How to make sure Christmas doesn’t turn into a HR nightmare

Christmas party season is almost upon us. In fact, I know of some that are taking place in the next week!

The sentiment behind work Christmas parties is a positive one – celebrating the end of a hard-working year with our work families, the people we see every day and spend the most time with. It’s also a great opportunity to thank your team and reward them with bonuses and gifts or even Employee of The Year-style awards.

When done properly, a Christmas party can be a real morale boost and see team members who never usually get chance to interact, get to know each other better.

But to do it properly, you need to take lots of factors into consideration.

  1. Activity – Just deciding what activity you will do can be a bit political! You have to pick something that suits as many people as possible without any form of discrimination. Think about the religious beliefs of others in your team and any disabilities. Can everyone enjoy what you are proposing? Are there food and drink alternatives for those who don’t drink alcohol, have food allergies or follow religious dietary restrictions?
  2. Location – Chances are your workforce, especially if you manage a large organisation, will not all live in the same town or village. Try and pick somewhere that is as central as possible and easy for everyone to get to. Also, despite most Christmas parties occurring out of the workplace, the responsibility still lies with the employer to keep their workers safe and minimise risk to them. Stress that NOBODY should drink and drive. If you can afford it, lay on transport for everyone. If you can’t, provide them with taxi numbers or details of bus routes and times.
  3. Time – If you decide to hold a party after hours, let employees know that they are not obliged to come. If your party falls on a work night, make it clear that anyone working the next day has to act responsibly and not go to work under the influence of alcohol and endanger their own or someone else’s health and safety.
  4. Reinforce policies – Now is the perfect time to remind employees about bullying and harassment policies and the consequences. Also consider a social media policy and circulate this prior to the Christmas party. For example, drunken photos that tag your company online would not be good for your reputation. Also, I have known some companies who give speeches at their Christmas party about top secret projects they have coming up in the New Year. You would not want any confidential company information being leaked in a video online before the time is right. And what about absence management? If someone wakes up hungover the next day, turns up late or decides they are too ill to work and need a ‘sick day’, how are you going to handle these matters as an employer?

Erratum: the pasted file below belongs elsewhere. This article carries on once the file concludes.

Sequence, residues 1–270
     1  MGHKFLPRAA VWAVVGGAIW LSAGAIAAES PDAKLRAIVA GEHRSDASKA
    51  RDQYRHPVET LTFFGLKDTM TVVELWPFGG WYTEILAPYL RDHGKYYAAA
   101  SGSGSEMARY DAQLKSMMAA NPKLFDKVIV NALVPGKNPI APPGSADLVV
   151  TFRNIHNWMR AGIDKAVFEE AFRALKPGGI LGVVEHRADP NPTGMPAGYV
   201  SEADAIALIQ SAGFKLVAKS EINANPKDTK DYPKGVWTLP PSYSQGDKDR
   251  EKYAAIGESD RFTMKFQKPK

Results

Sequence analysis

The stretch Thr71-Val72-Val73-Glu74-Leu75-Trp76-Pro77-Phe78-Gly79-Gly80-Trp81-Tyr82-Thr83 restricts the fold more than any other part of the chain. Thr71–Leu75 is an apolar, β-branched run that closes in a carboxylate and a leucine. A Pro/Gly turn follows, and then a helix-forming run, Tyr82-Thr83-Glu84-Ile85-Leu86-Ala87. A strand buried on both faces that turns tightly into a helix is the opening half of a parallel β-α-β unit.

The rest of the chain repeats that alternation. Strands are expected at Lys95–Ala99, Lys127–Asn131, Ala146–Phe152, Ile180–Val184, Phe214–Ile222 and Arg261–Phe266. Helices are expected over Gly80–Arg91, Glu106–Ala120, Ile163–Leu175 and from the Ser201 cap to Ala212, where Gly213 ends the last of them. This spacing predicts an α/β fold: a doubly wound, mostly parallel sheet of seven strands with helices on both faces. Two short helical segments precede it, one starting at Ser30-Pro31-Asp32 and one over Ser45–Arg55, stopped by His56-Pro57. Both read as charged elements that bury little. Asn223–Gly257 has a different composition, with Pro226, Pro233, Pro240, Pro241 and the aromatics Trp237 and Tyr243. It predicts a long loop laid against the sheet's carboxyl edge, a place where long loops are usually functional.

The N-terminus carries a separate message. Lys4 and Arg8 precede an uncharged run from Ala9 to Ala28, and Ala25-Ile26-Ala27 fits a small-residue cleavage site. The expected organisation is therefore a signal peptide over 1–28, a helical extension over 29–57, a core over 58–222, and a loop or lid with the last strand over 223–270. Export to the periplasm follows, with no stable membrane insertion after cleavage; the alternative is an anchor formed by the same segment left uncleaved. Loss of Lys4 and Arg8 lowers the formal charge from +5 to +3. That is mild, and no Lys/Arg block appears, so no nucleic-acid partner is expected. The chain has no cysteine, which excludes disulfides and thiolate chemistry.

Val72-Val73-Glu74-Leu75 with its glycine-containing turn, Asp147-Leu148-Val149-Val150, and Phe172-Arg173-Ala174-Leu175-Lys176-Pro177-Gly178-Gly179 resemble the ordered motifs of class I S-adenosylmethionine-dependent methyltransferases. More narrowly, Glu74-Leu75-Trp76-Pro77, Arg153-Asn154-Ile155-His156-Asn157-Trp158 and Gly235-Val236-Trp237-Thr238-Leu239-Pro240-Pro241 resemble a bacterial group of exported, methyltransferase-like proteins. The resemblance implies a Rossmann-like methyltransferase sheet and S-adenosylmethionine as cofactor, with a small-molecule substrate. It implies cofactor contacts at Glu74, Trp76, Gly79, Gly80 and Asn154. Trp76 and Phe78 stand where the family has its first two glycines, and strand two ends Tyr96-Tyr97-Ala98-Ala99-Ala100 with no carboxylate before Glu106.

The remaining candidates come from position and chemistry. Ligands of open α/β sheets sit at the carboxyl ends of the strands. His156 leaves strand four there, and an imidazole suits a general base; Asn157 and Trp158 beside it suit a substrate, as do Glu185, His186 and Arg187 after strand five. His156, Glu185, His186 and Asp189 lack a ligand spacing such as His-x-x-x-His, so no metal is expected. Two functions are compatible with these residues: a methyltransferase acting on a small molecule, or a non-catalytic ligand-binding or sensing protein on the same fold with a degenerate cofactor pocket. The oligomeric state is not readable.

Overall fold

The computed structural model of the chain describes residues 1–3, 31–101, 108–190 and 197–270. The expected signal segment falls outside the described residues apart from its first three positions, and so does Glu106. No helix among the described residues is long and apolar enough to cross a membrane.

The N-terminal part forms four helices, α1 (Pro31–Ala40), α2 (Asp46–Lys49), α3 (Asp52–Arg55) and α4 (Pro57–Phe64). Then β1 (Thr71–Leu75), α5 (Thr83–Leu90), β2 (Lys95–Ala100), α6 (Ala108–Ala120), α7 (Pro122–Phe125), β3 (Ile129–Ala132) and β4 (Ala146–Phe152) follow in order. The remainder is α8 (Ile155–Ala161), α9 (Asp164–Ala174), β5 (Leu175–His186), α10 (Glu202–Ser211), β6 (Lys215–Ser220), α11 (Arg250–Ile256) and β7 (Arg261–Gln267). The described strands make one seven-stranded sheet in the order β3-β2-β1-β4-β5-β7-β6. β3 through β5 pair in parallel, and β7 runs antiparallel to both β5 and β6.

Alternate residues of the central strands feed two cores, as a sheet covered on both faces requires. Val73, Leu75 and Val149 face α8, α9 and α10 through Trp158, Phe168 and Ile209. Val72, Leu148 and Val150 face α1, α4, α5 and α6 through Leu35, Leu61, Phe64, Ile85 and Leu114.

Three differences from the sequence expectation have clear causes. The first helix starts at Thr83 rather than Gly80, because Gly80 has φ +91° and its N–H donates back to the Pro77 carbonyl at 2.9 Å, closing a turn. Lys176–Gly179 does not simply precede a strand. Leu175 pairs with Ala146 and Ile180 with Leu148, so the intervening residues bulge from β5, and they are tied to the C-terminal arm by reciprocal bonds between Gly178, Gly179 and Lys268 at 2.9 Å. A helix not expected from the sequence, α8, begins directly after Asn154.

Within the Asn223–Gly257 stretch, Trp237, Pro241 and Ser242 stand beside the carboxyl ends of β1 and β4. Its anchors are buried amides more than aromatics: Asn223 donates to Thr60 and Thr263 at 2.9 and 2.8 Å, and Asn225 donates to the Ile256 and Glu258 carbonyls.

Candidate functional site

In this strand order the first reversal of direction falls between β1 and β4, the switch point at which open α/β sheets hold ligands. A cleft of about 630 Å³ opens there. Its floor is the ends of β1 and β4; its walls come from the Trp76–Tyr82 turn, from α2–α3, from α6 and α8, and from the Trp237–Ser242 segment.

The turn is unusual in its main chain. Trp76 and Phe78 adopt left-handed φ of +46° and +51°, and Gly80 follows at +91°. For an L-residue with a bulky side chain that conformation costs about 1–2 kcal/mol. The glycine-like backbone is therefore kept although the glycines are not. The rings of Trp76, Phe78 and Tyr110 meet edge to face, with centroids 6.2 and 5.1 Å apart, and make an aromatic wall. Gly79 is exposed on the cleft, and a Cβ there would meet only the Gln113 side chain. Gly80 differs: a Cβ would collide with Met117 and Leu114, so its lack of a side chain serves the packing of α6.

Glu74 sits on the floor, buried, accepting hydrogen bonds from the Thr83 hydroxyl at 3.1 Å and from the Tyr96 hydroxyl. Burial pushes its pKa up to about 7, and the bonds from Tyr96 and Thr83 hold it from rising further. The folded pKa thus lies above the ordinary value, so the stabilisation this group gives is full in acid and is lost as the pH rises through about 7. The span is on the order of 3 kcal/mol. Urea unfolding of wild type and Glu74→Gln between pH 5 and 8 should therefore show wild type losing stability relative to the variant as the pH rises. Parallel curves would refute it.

5. People management – If you know of any individuals who have a tendency to rub each other up the wrong way, you certainly don’t want to fuel this with a free bar! There isn’t an awful lot you can do about this but, for example, if you are having a sit-down meal, do what you can to subtly sit these people away from each other. If an incident does occur, such as a fight or unwelcome sexual advance, deal with these as you would if they had happened in the workplace and be consistent in your approach. You can’t be seen to favour one party over another. Remember employers can be held vicariously liable for discriminatory acts carried out by employees even if the event is held off site and out of normal working hours.
  6. Have fun! – Whilst you do need to consider all of the above, remember that a work Christmas party is all about celebrating the good work the team has achieved during the year.

If you are a business owner managing a team of people and feel a little overwhelmed with the HR side of things, I can help. See for details.